Ultrasound: The Only Way to Tell a Tumor from a Cyst

by Maggan

in Diagnosis,Mammogram,Ultrasound


Remarkably, I am not in a funk when I show up at the Breast Care Center for the second time in less than two weeks for a diagnostic mammogram.

I delude myself. I want to believe the woman who said “It’s nothing to worry about. Just routine clarification. We need to make sure.”

But I deep down, I know. I’ve been called back because of the hard lump, my worry bead. Ninety percent of all lumps are supposed to be benign. Yet my lump feels strangely different.

Different from what? How do cysts feel? Are they also hard? Uneven? Ominous?

With my breast squeezed between the plates again,  I hold my breath. I amuse myself with the image of a funny card I once received.  A cartoon-man’s penis is squeezed between two mammogram plates. A martinet of a nurse says, “Just hold your breath and relax now, dear.”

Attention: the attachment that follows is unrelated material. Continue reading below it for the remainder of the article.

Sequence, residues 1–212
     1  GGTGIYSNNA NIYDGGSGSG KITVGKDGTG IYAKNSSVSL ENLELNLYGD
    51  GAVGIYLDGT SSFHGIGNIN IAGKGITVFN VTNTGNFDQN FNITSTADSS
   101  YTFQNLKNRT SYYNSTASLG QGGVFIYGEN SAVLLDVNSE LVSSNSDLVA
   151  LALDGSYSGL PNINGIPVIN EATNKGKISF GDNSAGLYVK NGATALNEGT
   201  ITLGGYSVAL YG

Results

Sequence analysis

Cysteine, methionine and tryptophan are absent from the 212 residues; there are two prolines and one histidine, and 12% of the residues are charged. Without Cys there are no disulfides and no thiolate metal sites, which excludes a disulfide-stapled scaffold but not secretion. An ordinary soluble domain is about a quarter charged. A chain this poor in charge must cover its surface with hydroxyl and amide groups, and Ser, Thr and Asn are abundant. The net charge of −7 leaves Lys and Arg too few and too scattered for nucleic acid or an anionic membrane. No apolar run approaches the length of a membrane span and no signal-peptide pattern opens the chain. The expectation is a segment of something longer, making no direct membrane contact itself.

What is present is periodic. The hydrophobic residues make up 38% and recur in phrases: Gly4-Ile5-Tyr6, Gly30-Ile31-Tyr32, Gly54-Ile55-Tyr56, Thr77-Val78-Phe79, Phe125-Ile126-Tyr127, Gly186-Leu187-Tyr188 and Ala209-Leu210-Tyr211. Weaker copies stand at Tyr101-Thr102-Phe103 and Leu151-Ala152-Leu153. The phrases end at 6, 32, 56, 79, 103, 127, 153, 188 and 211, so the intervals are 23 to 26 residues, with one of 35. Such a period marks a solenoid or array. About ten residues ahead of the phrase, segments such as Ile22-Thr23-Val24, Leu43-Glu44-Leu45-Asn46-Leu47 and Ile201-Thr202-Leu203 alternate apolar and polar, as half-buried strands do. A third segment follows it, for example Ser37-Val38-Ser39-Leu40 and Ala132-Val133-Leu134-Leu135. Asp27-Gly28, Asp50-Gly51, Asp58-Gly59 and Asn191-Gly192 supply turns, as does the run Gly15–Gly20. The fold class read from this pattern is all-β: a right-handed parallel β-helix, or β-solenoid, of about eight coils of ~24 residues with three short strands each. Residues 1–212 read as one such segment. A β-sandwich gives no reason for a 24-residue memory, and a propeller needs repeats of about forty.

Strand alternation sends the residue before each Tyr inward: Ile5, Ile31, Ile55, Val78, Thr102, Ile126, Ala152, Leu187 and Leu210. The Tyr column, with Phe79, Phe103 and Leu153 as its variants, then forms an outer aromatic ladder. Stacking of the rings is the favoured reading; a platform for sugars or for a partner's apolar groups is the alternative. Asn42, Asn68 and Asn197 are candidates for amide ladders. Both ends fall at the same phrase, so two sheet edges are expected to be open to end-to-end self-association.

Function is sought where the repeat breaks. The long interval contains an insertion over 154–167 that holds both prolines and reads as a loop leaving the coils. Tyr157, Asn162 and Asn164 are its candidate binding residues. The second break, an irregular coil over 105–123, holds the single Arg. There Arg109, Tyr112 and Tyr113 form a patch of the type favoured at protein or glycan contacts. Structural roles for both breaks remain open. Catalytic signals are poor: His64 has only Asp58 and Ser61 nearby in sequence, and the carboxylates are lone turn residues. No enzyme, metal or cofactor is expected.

The diagnostic mammogram does not provide the clarity they want. For absolute clarity they need to do an ultrasound. This delay allows me to experience a few more moments in la-la land.

If they can’t determine with certainty what’s on a diagnostic mammogram, how serious can it be?

The truth is this: They know exactly what is on the diagnostic mammogram, but they need proof. I need to have an ultrasound.

Whatever they see on the diagnostic mammogram, it does not disappear on the ultrasound. It is still there. I could have told them that.

We schedule a needle-core biopsy for the next day.

“Probably nothing, ” the nurse says.

I note the unusual speed with which they schedule a time slot for the biopsy.

I begin to worry. Everything is getting surreal.

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